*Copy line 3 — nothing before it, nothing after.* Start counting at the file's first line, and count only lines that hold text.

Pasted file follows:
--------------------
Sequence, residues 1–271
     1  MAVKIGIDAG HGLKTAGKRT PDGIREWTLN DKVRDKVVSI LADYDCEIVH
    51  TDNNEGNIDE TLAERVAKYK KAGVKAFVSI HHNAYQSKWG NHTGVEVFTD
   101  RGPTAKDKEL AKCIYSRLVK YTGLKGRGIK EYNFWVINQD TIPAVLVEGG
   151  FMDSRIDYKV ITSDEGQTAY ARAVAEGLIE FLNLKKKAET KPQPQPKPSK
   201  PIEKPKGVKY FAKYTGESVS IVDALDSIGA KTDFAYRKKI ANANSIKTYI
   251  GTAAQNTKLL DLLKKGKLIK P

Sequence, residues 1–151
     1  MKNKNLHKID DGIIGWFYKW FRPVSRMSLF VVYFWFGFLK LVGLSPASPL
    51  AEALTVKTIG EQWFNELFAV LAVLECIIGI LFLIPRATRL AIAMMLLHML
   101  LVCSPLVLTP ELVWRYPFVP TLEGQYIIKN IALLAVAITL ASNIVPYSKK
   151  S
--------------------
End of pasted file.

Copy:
    51  TDNNEGNIDE TLAERVAKYK KAGVKAFVSI HHNAYQSKWG NHTGVEVFTD